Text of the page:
The Central bank of Kenya (CBK) says that over seven million pieces of the old one thousand shillings had not been returned by the September 30th deadline, rendering over seven billion shillings worthless.
CBK Governor, Dr. Patrick Njoroge said that despite pushing out over fifteen thousand adverts and twenty-seven direct interviews urging citizens to return the old notes, 7,386,000 pieces did not return.
In a statement, Governor Njoroge said that the CBK had received 209,661,000 pieces of the old notes by the end of the September 30th.
“The old notes will now be punched and shredded,” said Njoroge.
He said that the demonetisation operation was meant to deal with illicit financial flows and to weed out counterfeits, maintaining that it had no impact on inflation or shilling exchange rate.
“The value of the money that did not come back is equivalent to the amount that taxpayers lost during the Goldenberg scandal”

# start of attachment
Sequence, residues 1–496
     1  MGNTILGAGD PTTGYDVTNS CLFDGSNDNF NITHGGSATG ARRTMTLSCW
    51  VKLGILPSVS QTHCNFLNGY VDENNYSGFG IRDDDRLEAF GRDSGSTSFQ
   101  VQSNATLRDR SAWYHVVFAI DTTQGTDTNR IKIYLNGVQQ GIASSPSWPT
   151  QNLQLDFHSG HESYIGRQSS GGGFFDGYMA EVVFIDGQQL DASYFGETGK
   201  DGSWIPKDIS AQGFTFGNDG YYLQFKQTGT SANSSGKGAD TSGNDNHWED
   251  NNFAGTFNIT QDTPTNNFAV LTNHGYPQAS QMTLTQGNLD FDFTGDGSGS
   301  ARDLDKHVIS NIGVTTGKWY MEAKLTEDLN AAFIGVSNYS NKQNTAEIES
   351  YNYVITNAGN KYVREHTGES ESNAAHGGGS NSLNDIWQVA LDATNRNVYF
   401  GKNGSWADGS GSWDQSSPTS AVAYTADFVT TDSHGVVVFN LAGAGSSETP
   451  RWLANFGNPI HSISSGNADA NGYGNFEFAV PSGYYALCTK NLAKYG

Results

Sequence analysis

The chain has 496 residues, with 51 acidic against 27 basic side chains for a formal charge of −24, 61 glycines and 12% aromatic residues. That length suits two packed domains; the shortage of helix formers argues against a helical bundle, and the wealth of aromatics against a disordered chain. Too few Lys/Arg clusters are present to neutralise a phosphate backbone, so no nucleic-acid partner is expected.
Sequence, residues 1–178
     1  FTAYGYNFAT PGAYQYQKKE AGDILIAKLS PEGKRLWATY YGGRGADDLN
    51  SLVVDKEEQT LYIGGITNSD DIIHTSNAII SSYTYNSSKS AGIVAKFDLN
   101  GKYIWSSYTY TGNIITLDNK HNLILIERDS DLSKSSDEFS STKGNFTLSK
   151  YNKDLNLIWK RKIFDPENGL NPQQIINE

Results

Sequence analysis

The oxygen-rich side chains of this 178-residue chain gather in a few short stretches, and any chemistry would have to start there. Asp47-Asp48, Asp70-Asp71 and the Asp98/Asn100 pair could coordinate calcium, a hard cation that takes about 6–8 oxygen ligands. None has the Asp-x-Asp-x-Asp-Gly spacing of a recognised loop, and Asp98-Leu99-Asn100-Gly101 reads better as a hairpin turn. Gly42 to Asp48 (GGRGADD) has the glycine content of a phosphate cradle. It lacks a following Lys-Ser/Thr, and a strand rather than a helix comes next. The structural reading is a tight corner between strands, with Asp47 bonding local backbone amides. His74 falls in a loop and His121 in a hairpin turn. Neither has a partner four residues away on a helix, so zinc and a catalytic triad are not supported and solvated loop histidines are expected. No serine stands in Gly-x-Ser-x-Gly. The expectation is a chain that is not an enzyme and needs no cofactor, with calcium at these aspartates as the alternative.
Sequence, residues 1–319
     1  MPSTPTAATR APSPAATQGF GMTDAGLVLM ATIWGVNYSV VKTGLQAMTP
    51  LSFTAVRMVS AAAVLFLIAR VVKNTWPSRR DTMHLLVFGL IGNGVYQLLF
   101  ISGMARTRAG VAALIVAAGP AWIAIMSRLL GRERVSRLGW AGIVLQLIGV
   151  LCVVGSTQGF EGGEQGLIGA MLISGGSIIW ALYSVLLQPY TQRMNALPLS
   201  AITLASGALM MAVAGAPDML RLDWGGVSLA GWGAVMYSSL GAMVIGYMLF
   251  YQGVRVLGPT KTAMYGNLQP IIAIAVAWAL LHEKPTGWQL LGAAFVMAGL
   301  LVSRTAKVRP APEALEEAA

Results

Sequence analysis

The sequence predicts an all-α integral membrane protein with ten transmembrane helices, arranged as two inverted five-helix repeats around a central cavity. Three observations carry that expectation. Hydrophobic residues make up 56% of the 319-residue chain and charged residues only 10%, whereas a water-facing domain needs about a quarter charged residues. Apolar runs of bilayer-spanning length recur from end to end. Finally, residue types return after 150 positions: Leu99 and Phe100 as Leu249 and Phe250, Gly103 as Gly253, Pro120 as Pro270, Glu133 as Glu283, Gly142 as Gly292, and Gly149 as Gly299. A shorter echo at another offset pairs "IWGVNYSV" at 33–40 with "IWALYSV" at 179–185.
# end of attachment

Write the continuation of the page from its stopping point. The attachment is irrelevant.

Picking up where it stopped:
Kenyans were required to declare their source of wealth for amounts exceeding one million shillings.
Njoroge said that anti-money laundering sleuths managed to flag over three thousand suspicious transactions during the demonetisation period, assuring Kenyans that anti-corruption institutions with the help of KRA will continue with the relevant investigations.
The governor said that four months after issuance, the new Ksh one thousand notes are going through a rough inflation, but he expects that Kenyans will handle the new currency properly.